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    SLCentralArticlesArticles Oct 31st, 2020 - 10:46 AM EST
    A Guru's World #23: Network Topology
    Author: JonnyGURU
    Date Posted: October 1st, 2001

    Network Topology

    Despite the word "bridge" being used in the previous paragraph, a router is different then a bridge. A bridge connects two LANs together using the same protocol. This example topology doesn't use a bridge, but we'll get back to bridges in a little bit.

    Hubs and switches are very similar. The serve the same function, but do their jobs in different ways. A hub allows a central connection point for several computers. Hubs are fairly dumb pieces of equipment. All they do, in a sense, is take a data signal and split it up into multiple ports.

    Now a switch is a bit smarter than a hub. A switch still allows several computers to connect to a common connection, but a switch direct network packets to only the ports those packets were intended for. This speeds up the network by not feeding all data to all ports.

    And now for the topology in my house. Feel free to laugh. I did too once I put it to paper...

    Actually, this is what it would look like if you were to put it on paper, but it's really not as bad as it looks.

    The Internet enters the house via a cable modem. The cable modem is hooked up to a router. I use an SMC Barricade, so my router, switch and print server are actually all built into one.

    I'm using all four ports on my Barricade's built in switch. One port for each PC in the living room, one port to a Netgear Home PNA bridge, which is a bridge because it bridges a CAT5 media based network with a Home PNA phone line based network, and one port plugged into the Intel 2011 Access Point, which is technically another bridge since it bridges the CAT5 media with a wireless network.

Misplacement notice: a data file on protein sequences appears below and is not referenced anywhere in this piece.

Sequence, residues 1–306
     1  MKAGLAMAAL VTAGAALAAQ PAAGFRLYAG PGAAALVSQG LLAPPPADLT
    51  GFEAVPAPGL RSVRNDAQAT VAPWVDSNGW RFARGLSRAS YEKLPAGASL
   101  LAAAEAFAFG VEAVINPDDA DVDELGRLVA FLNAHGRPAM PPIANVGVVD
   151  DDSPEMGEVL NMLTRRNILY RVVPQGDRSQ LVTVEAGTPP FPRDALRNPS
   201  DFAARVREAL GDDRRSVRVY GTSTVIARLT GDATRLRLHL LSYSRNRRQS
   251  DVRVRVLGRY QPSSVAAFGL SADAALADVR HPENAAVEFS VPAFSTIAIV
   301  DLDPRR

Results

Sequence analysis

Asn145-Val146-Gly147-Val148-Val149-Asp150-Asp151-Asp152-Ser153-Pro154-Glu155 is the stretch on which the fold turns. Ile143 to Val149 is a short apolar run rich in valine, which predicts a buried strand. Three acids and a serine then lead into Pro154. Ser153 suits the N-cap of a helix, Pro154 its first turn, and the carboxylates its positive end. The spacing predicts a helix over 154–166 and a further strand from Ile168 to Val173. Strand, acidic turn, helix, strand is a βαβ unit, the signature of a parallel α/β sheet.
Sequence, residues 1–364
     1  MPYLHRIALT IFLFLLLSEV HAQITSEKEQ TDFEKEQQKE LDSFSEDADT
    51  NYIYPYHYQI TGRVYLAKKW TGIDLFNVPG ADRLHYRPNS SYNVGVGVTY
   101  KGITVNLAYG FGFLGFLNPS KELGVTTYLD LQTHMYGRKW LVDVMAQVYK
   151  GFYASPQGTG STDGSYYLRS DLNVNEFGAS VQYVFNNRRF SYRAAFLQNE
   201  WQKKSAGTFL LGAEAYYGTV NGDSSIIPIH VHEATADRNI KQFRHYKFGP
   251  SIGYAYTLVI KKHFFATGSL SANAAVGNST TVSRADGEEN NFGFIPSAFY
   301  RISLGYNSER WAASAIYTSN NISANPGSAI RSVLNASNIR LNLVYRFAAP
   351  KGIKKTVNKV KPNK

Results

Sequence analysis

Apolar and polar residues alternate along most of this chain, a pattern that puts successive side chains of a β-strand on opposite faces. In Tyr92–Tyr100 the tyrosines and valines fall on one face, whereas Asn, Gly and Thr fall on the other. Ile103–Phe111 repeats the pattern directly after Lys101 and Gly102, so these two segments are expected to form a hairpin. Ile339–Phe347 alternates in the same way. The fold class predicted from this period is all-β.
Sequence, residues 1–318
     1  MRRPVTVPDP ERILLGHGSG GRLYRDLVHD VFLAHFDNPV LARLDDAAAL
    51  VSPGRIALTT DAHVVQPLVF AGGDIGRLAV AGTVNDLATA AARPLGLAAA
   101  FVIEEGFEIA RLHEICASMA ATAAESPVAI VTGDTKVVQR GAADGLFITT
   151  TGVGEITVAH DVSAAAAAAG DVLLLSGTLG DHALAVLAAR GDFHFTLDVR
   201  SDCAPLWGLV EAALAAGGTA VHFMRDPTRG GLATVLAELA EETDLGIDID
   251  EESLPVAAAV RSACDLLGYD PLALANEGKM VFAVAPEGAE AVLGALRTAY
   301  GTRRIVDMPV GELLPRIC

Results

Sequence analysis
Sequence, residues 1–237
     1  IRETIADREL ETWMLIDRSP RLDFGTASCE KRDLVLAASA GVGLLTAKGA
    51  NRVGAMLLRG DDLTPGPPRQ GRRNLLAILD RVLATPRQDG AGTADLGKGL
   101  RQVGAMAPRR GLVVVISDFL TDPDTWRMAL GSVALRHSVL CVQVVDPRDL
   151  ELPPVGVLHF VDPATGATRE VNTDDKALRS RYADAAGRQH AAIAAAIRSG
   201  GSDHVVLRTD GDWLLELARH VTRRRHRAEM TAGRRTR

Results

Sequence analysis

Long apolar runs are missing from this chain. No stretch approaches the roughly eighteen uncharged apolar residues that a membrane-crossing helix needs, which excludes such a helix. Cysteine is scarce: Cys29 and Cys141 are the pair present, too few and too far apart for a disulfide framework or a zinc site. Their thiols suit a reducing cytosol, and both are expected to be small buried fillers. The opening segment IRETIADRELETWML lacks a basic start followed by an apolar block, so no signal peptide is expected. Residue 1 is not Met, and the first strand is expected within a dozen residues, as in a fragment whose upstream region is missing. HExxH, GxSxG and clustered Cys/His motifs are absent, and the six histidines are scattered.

I have the Netgear Home PNA bridge because I live in an old house with high ceilings and a low roof leaving me with virtually no attic. Add to this that most of the walls are concrete and the floors are Terrazzo (I have run under carpet before). I wasn't about ready to drop cable in this place. Taking this and the cost of materials (cables, ends, wall plates, etc) and it was easy for me to conclude that my time was worth more than a $125 bridge.

    The Intel 2011 Access Point is actually just a toy. But I can see it having its uses.

    The photo above is a shot of the floor underneath my wife's desk. The cable modem is on the desk so we can make sure we have connectivity and a cable drops down to the SMC Barricade, which then goes of to the Netgear Home PNA switch, a printer, two PCs and the Intel 2011

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